A cranky senator has been condemned by all sides of politics for calling a colleague a “naughty girl” during a committee hearing.
Labor MP Glenn Sterle, chairman of the committee on regional and rural affairs, was annoyed on Tuesday by an argument between two other members.
Nationals Senator Bridget McKenzie was in an increasingly heated argument with Agriculture Secretary Murray Watt over her dairy question to an official from the Rural Research and Development Corporations.
“We did so well,” said Senator Sterle, who was about to intervene in the discussion in favor of Senator McKenzie when she continued to talk about him.
“Senator McKenzie, you must always have the last word, I wanted to defend you then … frankly, like a naughty girl,” he said in an angry tone.
“Could you be quiet while someone else is finished? You don’t have to have the last word.’
Shadow Infrastructure Minister Bridget McKenzie looks stunned after being called a ‘naughty little girl’
Another senator attempted to intervene, presumably to object to Senator Sterle’s comment, but was shut down.
“No, I can’t, because I’m about to be blocked like this,” he said, demanding that Senator McKenzie be allowed to continue in silence.
Greens Senator Peter Whish-Wilson urged him to retract his comments, but Senator Sterle declined: “I don’t care…because you’re all as bad as each other.”
“I won’t sign it because I’m probably the easiest to deal with, but right now y’all are going like this.”
In an unlikely alliance, Nationals Senator Matt Canavan backed his Greens colleague by asking Senator Sterle to withdraw.
“Don’t, no Matt, do me a favor…don’t add anything because I just told Peter no…I’m trying to be polite here,” he replied, continuing to ask Senator McKenzie to continue. to go.
Senator McKenzie immediately asked Senator Sterle to withdraw “by calling me a bad girl.”
This time he admitted, “Yeah, I take that back, you’re not a bad girl, my apologies…now, do you want to ask your question?”
Labor Senator Glenn Sterle (pictured) has been convicted for calling a female senator a ‘naughty little girl’
Senator Sterle later offered a more substantial apology after he was criticized even by senior Labor ministers.
“I want to apologize for my outburst under pressure, there is no excuse for the language I used,” he told the committee.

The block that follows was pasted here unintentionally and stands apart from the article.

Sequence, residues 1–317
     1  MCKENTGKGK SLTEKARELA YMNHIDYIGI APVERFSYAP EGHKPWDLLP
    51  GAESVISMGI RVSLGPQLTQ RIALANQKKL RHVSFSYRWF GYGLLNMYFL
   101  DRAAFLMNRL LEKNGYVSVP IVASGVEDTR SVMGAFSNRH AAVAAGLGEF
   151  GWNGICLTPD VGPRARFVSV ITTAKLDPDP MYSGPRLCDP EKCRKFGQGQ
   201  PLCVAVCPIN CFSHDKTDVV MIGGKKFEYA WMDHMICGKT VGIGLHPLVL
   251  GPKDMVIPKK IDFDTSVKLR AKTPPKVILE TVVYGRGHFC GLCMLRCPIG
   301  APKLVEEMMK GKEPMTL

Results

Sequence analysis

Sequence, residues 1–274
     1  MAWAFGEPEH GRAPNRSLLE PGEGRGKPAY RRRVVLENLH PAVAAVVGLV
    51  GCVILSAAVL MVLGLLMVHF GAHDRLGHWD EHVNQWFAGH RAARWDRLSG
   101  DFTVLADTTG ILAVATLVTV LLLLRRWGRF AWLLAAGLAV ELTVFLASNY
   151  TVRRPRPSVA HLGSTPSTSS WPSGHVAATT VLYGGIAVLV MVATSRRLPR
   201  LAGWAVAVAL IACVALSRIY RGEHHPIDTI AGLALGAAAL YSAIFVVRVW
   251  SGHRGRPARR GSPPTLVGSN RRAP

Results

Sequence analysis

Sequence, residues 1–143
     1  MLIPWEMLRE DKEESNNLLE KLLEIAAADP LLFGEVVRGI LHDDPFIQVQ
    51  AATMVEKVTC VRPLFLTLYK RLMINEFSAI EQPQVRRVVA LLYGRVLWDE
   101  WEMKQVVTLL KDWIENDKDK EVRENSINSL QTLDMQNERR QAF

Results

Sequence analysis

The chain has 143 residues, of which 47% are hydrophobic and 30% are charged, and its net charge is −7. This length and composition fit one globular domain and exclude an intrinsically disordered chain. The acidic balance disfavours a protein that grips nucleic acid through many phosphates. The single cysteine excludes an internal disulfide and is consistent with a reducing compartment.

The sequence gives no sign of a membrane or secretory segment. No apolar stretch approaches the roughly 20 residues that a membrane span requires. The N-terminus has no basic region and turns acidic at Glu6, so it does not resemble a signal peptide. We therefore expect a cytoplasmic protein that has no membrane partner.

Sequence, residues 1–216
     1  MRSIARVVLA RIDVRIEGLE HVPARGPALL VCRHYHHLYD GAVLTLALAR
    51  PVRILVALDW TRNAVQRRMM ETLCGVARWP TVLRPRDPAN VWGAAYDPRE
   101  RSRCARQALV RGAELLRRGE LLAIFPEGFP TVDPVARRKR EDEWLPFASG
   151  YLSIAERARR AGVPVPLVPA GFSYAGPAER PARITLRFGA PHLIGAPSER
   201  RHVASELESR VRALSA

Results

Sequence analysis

‘I hope you accept my apology. That was different from me, but I’m not avoiding it, it wasn’t right.’
The prime minister and attorney general on Monday used the approval of workplace laws to reduce sexual harassment to call for greater respect for women.
Women’s Minister Katy Gallagher condemned the comments.
“Senator Sterle’s comments were unacceptable and he did the right thing by publicly apologizing to Senator McKenzie,” she told AAP.
Her cabinet colleague Mr Watt also labeled the remark as unacceptable and ‘extremely unfortunate’.
“I don’t want to see comments like this from any senator, regardless of their party,” he told reporters on Tuesday.
“I’ve talked to Glenn about it and I know he’s sorry.
“He has apologized, but it is completely unacceptable that these kinds of comments are made in a work environment or in society as a whole.”
Senator McKenzie was increasingly arguing with Agriculture Secretary Murray Watt (pictured) over her dairy question to a Rural Research and Development Corporations official
Elsewhere in parliament on Tuesday, super-tax concessions are in sight for the Albanian government as it looks for ways to increase revenues and restore fiscal results.
Assistant Treasurer Stephen Jones said tax breaks on super funds are costly to public finances and are used to accumulate wealth.
“If the purpose of super is to provide a fiscally preferred asset for wealth planning, you could say it does its job,” Mr Jones told the Australian Financial Review’s wealth and super executive.
A concession tax on super was introduced to encourage more people to save super instead of depending on the pension.
Under the rules, anyone can deposit money into their super fund and it will be taxed at 15 percent, which is far less than the 45 percent marginal rate that high-income earners pay.
Mr. Jones said there were 32 self-managed super-funds with over $100 million in assets.
‘I celebrate successes, but the favorable taxation of these types of funds has a real price for the budget that must be taken into account.’
Research from the Grattan Institute has found that the tax benefits of super tax breaks are misdirected, with about 50 percent of the tax benefits going to the richest 20 percent of households.
To make the system fairer, some groups have argued for a cap — say $5 million — on how much people can save within the super system.
“The argument goes that you would just pay income tax at normal rates instead of 15 percent,” explains H&R Block tax expert Mark Chapman.